Material Development in Digital Age. AKRO-PLASTIC GmbH ‒ the specialist for innovative and application-orientated plastics compounds ‒ invited guests to Niederzissen, Germany, to participate in the twelfth KUNSTSTOFF-DIA(hr)LOG® conference on 15 and 16 May 2018. Under the banner of “Material development in the digital age”, the company welcomed 131 guests from 13 nations at its plant this year.
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Following his welcome address, Leander Bergmann, Head of Marketing at AKRO-PLASTIC and event host, gave a vivid demonstration of the company’s development in recent years. AKRO-PLASTIC has two locations in Niederzissen, Germany, since masterbatches are produced at its branch AF-COLOR. The compounder also has a production plant in China and in Brazil, providing a global production capacity of over 180 000 tonnes per year using identical production technology. This technology was developed in collaboration with sister company FEDDEM GmbH & Co. KG, Sinzig, and has been on the market under the name of ICX®-Technology for one and a half years.
The multimedia room at AKRO-PLASTIC GmbH in Niederzissen was filled to the last spot.
Mr Bergmann also provided a prospective look at investments planned for 2018:
In the third quarter of 2018, the first LFT production line will go into operation at the Niederzissen location. During this same period, a second compounding line will begin production at the plant in Brazil. In the second half of the year, the compounder also plans to begin operating a third production line for the product portfolio of its BIO-FED branch. And plans are in place to expand production in China in late 2018 and early 2019.
Mr Bergmann also informed the participants about a partnership with Poland-based Grupa Azoty Compounding (GAC), initiated at the start of the year for the purpose of setting up a compounding plant in Tarnow, Poland. “This is an expertise and consulting contract through which AKRO-PLASTIC will assist and advise GAC until production is under way”, explained Bergmann.
Mr Bergmann’s address was followed by a number of interesting, discussion-provoking presentations.
In his talk entitled “Optimisation with a digital twin”, Dr Volker Gorzelitz from M.TEC Ingenieurgesellschaft für kunststofftechnische Produktentwicklung mbH shed light on the available technology for developing components with digital assistance. “Component development is no longer haphazard. Every parameter that affects the subsequent component is defined in this process, so that the process can be executed automatically.
The individual parameters can be moved within the defined limits, as on a mixing console; the result is immediately visible on the screen, and even the smallest variations have a large impact”, explained Dr Gorzelitz. He also demonstrated how this process can also be applied to material development. He also demonstrated how this process can also be applied to material development.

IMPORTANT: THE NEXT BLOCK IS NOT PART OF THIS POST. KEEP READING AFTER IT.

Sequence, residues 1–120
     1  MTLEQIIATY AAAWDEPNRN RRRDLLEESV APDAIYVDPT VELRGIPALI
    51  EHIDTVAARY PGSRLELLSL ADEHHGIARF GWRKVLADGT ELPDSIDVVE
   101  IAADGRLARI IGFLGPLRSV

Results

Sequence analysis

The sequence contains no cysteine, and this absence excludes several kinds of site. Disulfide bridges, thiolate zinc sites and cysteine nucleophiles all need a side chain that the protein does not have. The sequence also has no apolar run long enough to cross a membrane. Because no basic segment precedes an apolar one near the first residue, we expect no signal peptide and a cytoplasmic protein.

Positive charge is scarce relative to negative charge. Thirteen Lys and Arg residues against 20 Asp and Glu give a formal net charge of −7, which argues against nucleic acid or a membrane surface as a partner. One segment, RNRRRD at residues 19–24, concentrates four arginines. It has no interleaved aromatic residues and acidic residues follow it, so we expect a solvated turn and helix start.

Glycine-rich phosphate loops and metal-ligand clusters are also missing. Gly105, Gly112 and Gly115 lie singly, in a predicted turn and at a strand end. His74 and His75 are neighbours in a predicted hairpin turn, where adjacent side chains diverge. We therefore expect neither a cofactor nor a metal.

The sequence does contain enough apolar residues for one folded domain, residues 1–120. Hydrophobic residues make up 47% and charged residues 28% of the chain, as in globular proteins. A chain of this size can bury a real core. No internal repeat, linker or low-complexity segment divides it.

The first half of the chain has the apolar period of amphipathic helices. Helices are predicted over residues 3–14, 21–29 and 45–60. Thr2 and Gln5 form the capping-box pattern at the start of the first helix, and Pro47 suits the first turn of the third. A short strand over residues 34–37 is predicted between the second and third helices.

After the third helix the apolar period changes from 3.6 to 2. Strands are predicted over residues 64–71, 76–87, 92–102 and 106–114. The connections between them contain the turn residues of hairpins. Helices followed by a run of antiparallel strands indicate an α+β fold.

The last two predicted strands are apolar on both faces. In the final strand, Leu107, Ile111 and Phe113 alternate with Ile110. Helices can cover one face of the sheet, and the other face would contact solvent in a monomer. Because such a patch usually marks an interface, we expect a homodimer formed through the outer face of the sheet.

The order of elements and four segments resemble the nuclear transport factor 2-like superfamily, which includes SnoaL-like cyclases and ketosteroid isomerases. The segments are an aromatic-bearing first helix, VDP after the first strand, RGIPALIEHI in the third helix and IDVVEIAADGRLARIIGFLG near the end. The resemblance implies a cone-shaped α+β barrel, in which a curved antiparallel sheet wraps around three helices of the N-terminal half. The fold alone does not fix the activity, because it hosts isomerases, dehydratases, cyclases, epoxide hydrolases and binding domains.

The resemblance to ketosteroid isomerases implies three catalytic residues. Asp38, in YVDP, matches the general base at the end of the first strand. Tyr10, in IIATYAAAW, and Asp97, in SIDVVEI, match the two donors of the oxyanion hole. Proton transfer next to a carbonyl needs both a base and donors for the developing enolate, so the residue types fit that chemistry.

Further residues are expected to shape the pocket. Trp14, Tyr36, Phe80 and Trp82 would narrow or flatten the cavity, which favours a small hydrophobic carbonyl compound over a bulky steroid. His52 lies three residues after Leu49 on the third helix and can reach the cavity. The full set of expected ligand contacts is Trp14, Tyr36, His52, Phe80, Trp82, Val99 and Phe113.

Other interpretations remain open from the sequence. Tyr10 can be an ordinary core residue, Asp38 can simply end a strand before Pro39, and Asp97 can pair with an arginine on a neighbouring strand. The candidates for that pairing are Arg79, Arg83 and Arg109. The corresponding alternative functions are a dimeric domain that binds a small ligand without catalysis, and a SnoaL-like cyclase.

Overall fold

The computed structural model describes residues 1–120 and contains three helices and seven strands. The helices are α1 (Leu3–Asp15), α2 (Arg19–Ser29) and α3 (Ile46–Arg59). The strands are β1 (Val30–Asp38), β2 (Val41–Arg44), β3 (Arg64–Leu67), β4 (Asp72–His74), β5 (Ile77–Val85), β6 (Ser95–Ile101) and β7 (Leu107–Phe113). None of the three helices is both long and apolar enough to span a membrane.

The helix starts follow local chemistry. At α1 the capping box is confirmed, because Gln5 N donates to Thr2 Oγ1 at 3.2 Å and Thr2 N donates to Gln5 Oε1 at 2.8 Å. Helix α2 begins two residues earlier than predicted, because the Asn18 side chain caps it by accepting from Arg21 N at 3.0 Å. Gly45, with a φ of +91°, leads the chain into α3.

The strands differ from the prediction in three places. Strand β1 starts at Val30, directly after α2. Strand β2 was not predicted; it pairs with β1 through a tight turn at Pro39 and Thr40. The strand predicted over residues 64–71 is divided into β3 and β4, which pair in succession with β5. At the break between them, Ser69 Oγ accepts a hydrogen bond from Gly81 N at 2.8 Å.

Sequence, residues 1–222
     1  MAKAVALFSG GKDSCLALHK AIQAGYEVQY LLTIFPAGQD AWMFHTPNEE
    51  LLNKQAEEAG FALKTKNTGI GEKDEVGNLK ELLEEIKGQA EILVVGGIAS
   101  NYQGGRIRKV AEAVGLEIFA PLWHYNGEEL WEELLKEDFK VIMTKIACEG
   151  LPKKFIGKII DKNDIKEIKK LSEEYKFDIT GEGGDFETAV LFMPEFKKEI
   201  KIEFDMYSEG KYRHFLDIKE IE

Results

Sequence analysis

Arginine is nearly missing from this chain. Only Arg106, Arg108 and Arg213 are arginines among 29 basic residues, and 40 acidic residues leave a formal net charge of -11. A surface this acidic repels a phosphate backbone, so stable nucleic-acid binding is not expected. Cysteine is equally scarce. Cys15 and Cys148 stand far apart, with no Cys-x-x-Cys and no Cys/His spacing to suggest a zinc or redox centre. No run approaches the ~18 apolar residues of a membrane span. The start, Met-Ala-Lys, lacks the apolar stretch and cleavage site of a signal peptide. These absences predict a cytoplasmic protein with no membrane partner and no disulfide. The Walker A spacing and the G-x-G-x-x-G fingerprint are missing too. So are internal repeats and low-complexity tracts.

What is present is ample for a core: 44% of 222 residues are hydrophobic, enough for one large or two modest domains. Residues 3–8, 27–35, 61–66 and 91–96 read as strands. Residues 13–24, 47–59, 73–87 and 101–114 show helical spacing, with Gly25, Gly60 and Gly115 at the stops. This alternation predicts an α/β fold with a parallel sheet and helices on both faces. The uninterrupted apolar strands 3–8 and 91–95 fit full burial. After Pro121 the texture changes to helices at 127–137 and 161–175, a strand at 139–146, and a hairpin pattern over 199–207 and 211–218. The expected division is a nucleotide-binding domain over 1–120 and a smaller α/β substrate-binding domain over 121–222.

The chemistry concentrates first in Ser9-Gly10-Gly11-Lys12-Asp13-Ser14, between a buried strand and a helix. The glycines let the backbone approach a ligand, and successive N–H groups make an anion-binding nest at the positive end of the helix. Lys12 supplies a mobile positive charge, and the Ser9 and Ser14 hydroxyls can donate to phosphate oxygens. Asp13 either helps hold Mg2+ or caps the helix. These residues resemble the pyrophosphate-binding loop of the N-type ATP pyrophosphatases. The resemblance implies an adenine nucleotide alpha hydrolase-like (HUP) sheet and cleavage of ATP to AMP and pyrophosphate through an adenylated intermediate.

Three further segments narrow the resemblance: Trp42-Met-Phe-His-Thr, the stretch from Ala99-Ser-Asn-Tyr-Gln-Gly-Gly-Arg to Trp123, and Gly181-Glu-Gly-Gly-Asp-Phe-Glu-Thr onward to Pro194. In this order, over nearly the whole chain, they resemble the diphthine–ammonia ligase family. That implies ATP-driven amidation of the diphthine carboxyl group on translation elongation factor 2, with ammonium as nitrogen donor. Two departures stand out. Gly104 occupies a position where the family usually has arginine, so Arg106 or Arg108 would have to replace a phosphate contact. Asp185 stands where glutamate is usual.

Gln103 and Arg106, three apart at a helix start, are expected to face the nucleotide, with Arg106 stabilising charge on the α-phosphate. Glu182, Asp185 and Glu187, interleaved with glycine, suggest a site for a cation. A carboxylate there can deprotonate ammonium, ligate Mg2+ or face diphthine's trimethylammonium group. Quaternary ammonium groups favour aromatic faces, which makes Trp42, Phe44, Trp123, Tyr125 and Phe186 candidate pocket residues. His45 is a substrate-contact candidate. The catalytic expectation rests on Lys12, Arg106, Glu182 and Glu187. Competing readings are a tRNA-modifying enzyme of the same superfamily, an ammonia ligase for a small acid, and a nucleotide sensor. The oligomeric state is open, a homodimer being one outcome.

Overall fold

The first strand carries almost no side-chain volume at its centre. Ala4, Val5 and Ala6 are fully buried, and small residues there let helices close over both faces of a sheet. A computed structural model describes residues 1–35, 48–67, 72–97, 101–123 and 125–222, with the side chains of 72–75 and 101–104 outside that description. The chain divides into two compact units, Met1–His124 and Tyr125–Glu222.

"Component development is no longer haphazard."
Dr. Volker GorzelitzM.TEC Ingenieurgesellschaft für kunststofftechnische Produktentwicklung mbH
In his talk on high-voltage plug-in connectors, Martin Wolter from Kostal Kontakt Systeme GmbH then showed a real-world example in which digital assistance had already been used. He explained in detail the increasing requirements for plastic in the growing market of high-voltage plug-in connectors.
“The future will require that we produce smaller, more powerful components, the demand for which will continue to rise steadily, particularly abroad”, said Wolter.
"The future will require that we produce smaller, more powerful components ..."
Martin WolterKostal Kontakt Systeme GmbH
Following this, Thilo Stier, Innovation and Sales Director at AKRO-PLASTIC, and his colleague Cyprian Golebiewski, Head of Application Engineering, provided details in their presentation on AKROMID® LGF and AKROMID® PST and the ongoing development of current product lines at AKRO-PLASTIC.
Mr Stier gave in-depth information on the LFT line mentioned in Mr Bergmann’s introduction and the advantages of kneading-unit free technology, which produces an extremely high-quality granulate. He also explained the various ways to modify the long glass fibre compound, which can achieve weight reductions of up to 15 percent compared with conventional short fibre compounds, without harming the mechanical properties.
Stier emphasized, however, that LGF compounds are not an easy drop-in solution, noting that the component must also be designed for long glass fibres. Stier concluded with a prospective look at additive manufacturing and AKRO-PLASTIC’s view on the subject based on the new MDM (Melt Deposition Modelling) process developed by IKV, in which more highly reinforced, granulate-based materials are used. Not only are these significantly more appealing in terms of cost compared with pigment- or filament-based systems, they also make the process up to 20 times faster than filament systems because the carbon fibres used by AKRO have an extremely high cooling capacity.